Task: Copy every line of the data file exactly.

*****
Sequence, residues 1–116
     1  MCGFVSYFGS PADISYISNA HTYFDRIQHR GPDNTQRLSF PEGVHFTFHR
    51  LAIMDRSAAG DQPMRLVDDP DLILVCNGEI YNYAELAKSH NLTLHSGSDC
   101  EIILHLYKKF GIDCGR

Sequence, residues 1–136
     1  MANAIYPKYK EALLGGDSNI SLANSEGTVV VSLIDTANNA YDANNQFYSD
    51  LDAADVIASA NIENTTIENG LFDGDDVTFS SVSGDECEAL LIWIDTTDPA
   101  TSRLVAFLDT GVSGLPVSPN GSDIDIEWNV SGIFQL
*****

Sequence, residues 1–116
     1  MCGFVSYFGS PADISYISNA HTYFDRIQHR GPDNTQRLSF PEGVHFTFHR
    51  LAIMDRSAAG DQPMRLVDDP DLILVCNGEI YNYAELAKSH NLTLHSGSDC
   101  EIILHLYKKF GIDCGR

Sequence, residues 1–136
     1  MANAIYPKYK EALLGGDSNI SLANSEGTVV VSLIDTANNA YDANNQFYSD
    51  LDAADVIASA NIENTTIENG LFDGDDVTFS SVSGDECEAL LIWIDTTDPA
   101  TSRLVAFLDT GVSGLPVSPN GSDIDIEWNV SGIFQL